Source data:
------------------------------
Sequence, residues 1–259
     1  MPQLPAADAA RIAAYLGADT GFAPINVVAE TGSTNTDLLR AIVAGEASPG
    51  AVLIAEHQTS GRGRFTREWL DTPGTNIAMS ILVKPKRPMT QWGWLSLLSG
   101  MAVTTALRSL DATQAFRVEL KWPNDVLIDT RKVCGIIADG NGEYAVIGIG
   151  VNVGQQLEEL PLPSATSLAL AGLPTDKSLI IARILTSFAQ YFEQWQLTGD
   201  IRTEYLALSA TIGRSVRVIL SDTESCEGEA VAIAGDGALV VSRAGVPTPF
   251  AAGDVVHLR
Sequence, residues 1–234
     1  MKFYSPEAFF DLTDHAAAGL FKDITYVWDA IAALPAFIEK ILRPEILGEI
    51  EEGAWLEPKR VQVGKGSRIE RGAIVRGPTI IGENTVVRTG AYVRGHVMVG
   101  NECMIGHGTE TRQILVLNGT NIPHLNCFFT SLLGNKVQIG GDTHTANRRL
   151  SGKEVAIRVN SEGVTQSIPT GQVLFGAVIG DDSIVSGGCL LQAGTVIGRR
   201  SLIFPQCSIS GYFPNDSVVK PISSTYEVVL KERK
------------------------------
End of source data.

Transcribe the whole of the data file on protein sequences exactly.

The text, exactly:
Sequence, residues 1–259
     1  MPQLPAADAA RIAAYLGADT GFAPINVVAE TGSTNTDLLR AIVAGEASPG
    51  AVLIAEHQTS GRGRFTREWL DTPGTNIAMS ILVKPKRPMT QWGWLSLLSG
   101  MAVTTALRSL DATQAFRVEL KWPNDVLIDT RKVCGIIADG NGEYAVIGIG
   151  VNVGQQLEEL PLPSATSLAL AGLPTDKSLI IARILTSFAQ YFEQWQLTGD
   201  IRTEYLALSA TIGRSVRVIL SDTESCEGEA VAIAGDGALV VSRAGVPTPF
   251  AAGDVVHLR
Sequence, residues 1–234
     1  MKFYSPEAFF DLTDHAAAGL FKDITYVWDA IAALPAFIEK ILRPEILGEI
    51  EEGAWLEPKR VQVGKGSRIE RGAIVRGPTI IGENTVVRTG AYVRGHVMVG
   101  NECMIGHGTE TRQILVLNGT NIPHLNCFFT SLLGNKVQIG GDTHTANRRL
   151  SGKEVAIRVN SEGVTQSIPT GQVLFGAVIG DDSIVSGGCL LQAGTVIGRR
   201  SLIFPQCSIS GYFPNDSVVK PISSTYEVVL KERK